Question to Ask the Workplace Doctors about new job and feeling dumb and lonely:
I am a good worker and I did very well in school at my major, which was graphic design and such, with some computer science as well. I had a friend in my class at college get a nice job as a designer for a company. She graduated before me of course. After I had graduated and was looking for a job, there was an opening at her place and I applied and was basically a shoo-in thanks to her.
I like the job. I came in with strong confidence that I could learn it and do it just fine. I was told it would take at least 6 months to a year at the longest to get the hang of it since the job has a high learning curve. It is a very detail oriented job. It seemed I made mistake after mistake, and yes I noticed I have improved a lot since the beginning, but I basically lost my confidence.
Every day I work I feel like I’m not “good enough”, especially compared to my peers. I make silly mistakes, usually from overlooking something, & one big one this past couple months that they said wasn’t a big deal, yet it was brought up at my review.
On top of that I am a more quiet person, but not intentionally. I hate it. I haven’t made any friends since I started there over a year ago and I feel looked down upon and very lonely. Some days it feels almost excruciating to go into work, feeling incompetent & that people are always looking down on me. I really do like the job, sure it has its down moments like every job, but there are those days I feel like maybe I should look for something more fitting for me. I am not sure what I should do anymore. I hate feeling this way anymore, I’m always depressed and basically feel dumb.
Signed, Wanting To Feel Better
Dear Wanting To Feel Better:
It’s understandable that you feel frustrated and unhappy if you haven’t been as successful in your new job as quickly or as spectacularly as you had hoped. However, it seems that your frustration and unhappiness has settled in and become more than mild, occasional depression. I have some thoughts to share that might be useful to you, but I also wish you would find a counselor or adviser close to you who you could meet and talk with about the entire situation.
You would find it very helpful to spend some regular time considering where you want to be with your life and work and where you’re going with it right now. Talking about it in a guided way could be very beneficial and even enjoyable. Consider local professional resources, a trusted career-seasoned friend or family member, a resource at a place of worship or others you might be able to identify. The advantage is that you would have the time, over time, to discuss specifics and to track improvements.That’s not meant to imply that you have a severe issue for which we have no advice.
However, in addition to the suggestions we offer you may wish to spend more in-depth time working on solutions. Now for some more immediate ideas!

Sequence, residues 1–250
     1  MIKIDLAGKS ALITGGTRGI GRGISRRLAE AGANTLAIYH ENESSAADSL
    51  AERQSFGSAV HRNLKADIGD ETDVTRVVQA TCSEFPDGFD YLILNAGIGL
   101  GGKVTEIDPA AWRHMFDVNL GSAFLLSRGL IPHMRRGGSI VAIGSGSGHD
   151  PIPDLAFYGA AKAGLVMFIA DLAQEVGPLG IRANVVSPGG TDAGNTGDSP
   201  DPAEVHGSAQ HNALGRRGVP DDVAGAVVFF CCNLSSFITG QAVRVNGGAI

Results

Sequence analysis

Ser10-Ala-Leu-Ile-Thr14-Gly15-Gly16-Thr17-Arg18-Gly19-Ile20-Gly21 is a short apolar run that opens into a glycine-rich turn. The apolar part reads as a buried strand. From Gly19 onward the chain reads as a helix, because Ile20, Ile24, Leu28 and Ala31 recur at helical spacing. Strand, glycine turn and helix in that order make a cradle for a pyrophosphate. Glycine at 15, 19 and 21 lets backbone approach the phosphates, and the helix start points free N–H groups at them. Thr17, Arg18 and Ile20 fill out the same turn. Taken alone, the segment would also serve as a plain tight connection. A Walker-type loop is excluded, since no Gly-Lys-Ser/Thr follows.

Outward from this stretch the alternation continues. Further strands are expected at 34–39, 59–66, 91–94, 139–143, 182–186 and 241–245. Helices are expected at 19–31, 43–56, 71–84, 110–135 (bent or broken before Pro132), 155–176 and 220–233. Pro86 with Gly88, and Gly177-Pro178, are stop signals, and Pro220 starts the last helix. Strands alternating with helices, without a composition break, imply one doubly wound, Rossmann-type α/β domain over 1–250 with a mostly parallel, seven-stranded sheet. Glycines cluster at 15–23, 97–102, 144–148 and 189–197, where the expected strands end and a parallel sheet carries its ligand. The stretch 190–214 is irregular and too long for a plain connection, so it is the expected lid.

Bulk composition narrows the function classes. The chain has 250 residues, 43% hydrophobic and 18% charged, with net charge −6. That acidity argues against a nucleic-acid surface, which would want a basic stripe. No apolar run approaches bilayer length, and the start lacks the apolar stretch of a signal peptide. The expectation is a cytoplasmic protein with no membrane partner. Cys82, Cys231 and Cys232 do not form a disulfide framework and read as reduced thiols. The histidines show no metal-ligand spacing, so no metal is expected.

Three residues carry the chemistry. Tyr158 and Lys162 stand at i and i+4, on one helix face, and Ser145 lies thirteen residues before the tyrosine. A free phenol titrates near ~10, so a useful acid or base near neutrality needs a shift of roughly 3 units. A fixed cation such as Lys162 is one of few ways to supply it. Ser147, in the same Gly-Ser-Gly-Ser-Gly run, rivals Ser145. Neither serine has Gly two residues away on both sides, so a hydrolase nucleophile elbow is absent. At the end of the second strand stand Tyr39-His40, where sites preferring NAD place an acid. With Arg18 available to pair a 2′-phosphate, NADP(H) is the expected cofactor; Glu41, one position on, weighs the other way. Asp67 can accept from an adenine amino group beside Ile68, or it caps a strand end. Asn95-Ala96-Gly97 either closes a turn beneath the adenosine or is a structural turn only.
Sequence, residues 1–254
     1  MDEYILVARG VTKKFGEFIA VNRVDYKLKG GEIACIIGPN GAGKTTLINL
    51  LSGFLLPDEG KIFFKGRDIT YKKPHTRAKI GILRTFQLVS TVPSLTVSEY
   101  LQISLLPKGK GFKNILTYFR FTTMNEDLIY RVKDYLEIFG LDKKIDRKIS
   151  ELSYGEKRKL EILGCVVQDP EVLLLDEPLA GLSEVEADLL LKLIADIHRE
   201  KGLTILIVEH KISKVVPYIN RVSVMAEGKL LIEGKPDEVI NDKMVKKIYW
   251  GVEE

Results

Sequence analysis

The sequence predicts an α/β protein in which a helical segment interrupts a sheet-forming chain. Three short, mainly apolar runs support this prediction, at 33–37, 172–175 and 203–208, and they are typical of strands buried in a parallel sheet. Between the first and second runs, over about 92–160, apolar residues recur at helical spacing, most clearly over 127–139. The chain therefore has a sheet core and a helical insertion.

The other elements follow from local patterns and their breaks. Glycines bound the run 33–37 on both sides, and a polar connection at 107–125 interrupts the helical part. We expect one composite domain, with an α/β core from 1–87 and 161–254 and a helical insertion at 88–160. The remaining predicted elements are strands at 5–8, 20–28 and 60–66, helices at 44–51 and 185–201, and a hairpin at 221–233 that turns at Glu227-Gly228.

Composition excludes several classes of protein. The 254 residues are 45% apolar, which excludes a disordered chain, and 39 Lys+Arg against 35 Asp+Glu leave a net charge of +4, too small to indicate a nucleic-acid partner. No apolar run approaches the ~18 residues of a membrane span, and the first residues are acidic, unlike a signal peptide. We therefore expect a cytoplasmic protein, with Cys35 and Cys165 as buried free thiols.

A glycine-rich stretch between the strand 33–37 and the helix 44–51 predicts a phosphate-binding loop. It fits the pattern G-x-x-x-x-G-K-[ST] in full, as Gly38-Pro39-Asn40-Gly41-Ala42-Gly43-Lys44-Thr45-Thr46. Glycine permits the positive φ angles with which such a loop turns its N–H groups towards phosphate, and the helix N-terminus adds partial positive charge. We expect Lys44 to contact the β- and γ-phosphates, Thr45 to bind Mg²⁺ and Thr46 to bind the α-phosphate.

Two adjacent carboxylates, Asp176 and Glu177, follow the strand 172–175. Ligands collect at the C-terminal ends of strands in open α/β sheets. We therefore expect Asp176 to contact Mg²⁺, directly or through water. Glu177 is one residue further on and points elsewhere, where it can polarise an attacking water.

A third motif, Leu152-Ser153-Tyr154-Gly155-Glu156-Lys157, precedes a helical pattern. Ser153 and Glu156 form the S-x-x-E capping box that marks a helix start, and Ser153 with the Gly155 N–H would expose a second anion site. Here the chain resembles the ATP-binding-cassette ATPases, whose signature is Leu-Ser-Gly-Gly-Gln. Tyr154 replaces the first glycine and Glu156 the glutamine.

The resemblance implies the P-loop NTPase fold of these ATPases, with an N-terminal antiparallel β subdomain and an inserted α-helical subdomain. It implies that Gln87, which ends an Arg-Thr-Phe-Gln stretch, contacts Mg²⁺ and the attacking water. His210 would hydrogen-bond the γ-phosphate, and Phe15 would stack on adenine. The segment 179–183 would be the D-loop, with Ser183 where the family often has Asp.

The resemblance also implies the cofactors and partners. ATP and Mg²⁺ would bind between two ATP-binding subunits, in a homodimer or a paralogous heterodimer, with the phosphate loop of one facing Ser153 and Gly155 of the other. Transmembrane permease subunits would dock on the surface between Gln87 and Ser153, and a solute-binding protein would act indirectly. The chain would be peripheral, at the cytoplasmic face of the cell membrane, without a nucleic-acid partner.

1. You don’t mention how you feel about your life away from work. We provide workplace advice on this site but we also know that life is more than work and we encourage people to find the deepest happiness away from the workplace. Work gets over at some point every day and in every life. There had better be something substantial to fill the space. When that happens, work is much easier to deal with. Here’s a good test that can help you decide about the source of your overall feelings: If life away from work is generally good and makes you smile–healthy relationships, good health, a pleasant home, a feeling of mental, spiritual and physical well-being–then you can pinpoint that it is indeed the work environment that is creating most of your negative feelings. If life away from work was shaky anyway and continues to be frustrating and unfulfilling, then that might mean that even though work isn’t going as well as possible, it’s getting the blame for something else that is a problem. So, while you’re putting some effort into a changed work situation also consider doing some things about a changed personal life. For most people the place to start is with their wellness and fitness.
My experience has been that an hour of walking, exercise or other focused activity can erase the negative feelings of at least eight hours of work problems. You may be doing that already. If so, maybe you can find something new to require a bit more effort or a bit more skill. Sometimes a good sweat takes exercise from a boring task to an exhilarating activity.The next place to consider away from work is your home. Getting it clean and organized and keeping it that way can be satisfying as well as providing a good foundation for everything else. You don’t mention if you have a spouse or children, but most families–especially those with children–would be better off with a tidier home.The third area that seems to be helpful for balancing work and the rest of life is in our food choices and learning to really cook instead of reheating, zapping or being limited to a few quick items. That might not be something you’re interested in, but has been a very fulfilling activity for many others, both men and women. Healthy food prepared in a healthy way, mixed with a few items that are just tasty and good, adds pleasure to life, especially if you invite someone to share it now and then (or if you are cooking for a family who can benefit from learning good eating habits.)If you have parents, siblings or other relatives in your area, do more to show family love and caring, if your relationships are good enough for that. Send a greeting card to a parent, get some small gifts for children in the family. Take several relatives out for pizza or have them to your home. Strengthen any family links you have.You may also find it helpful to be more involved in other activities away from work that can give you a feeling of fun and enjoyment.